Asked what other cities need to know about a municipal charging station project like Peterborough, Peterborough’s assistant mayor said, “It’s a little more sophisticated technology than he thinks.” McLean praised Peterborough’s good seller and the election of an interim power committee for the success of the project so far. “You need a salesperson who will look after you, not just the project, but the whole process,” he said. “Because the technology is new and many small companies are competing for the footprint, there is still a lot of different hardware and prices, so a strong screening process is needed,” he said.

Peterborough Energy Committee has provided “invaluable” research and access to other cities, predicting potential problems, says McLean.

One such problem was interest payments. Demand payments are calculated in half an hour based on the demand for a commercial energy meter, McLean recently explained to the Election Board. “It’s important to understand how they are calculated on municipal accounts, what happens in a particular application, and then how to reduce them,” said Peterborough Energy Committee chairman Peter Emans.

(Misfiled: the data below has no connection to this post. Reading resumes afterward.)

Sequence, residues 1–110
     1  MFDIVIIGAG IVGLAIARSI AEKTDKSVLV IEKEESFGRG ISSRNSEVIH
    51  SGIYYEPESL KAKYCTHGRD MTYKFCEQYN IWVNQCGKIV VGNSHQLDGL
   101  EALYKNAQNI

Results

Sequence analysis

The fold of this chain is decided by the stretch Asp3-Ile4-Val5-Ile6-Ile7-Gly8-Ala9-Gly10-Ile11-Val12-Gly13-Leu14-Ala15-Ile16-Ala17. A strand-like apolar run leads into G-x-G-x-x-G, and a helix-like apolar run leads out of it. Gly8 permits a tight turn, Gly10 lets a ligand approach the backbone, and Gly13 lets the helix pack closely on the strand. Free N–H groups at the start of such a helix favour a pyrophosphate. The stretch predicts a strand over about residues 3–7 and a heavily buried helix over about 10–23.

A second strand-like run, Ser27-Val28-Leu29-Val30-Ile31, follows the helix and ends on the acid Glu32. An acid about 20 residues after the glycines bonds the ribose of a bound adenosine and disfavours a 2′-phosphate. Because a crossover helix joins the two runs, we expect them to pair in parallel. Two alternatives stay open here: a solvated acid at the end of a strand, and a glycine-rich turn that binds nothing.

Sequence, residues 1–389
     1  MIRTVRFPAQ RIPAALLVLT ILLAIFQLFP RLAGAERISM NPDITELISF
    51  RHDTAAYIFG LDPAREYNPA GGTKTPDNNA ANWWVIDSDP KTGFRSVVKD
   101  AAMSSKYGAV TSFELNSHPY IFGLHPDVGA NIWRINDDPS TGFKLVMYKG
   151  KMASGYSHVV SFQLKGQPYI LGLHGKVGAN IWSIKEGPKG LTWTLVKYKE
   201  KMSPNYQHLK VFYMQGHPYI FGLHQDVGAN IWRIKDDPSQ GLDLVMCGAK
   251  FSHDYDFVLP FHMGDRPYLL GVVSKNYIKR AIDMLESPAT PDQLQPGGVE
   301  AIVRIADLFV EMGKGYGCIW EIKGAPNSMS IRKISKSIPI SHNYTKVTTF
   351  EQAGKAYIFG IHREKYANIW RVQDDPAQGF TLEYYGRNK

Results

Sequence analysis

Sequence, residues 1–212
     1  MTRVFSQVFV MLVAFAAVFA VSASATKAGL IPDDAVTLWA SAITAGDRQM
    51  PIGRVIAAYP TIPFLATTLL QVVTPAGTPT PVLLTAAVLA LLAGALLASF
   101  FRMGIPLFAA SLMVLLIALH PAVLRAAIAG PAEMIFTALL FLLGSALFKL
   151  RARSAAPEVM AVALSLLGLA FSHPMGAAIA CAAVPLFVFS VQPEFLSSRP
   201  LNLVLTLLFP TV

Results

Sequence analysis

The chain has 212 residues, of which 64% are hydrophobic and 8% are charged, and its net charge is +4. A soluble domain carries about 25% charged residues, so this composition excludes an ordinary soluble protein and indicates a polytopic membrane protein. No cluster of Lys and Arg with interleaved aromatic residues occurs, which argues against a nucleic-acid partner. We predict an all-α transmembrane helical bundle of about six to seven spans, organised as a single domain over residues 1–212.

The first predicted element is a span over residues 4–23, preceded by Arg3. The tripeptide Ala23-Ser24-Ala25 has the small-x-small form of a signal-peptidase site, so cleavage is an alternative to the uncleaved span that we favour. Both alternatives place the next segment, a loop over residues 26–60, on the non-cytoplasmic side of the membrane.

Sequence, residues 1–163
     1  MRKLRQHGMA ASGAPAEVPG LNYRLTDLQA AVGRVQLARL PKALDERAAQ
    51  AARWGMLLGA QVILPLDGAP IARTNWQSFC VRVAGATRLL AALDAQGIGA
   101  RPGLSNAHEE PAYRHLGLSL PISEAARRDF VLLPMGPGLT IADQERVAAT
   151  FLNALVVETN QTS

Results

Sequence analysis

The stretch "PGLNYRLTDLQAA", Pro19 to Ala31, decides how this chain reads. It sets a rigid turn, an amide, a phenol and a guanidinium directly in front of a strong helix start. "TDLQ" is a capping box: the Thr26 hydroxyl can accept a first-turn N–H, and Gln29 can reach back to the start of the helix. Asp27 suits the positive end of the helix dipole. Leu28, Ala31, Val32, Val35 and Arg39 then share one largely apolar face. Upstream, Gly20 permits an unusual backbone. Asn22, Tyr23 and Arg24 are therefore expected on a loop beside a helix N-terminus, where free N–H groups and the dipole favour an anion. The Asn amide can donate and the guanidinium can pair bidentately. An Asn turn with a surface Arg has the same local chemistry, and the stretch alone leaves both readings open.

The Derri City warning came from Derry to Peterborough, hoping that the chargers would be able to charge their vehicles for free, as the Derri City Council hoped the chargers would boost the downtown economy. . A couple vehicles visited every day, and although the residents of the neighborhood benefited more than expected, users said they liked the system and said the city was prepared to charge $ 150 to $ 200 a month. Then something changed in two months.

“The bills have increased by 200 and 300 percent, almost overnight,” Foul said. He said the price increase was due to a change in the billing system of interestors and that chargers, whether small or small, would remain in place. Derry shut down the chargers this May, and they will wait until the city finds a way to reduce demand, Fouer said. He said cities should seek better advice from electricians, overtime account republican, and exploring charging technology. “We thought we had done most of our homework, but sadly, the rules have changed.”

To reduce their expected demand, Peterborough plans to install a separate meter for each charging port, McLean said.

McLean now predicts that a city could leverage 10- or 15-year benefits in the future by jumping on electric vehicle technology. “It really expands, we know that. The technology is ubiquitous, and vehicles are becoming more and more expensive, ”said McLean. “At this point, he is clearly not going in the opposite direction,” he said.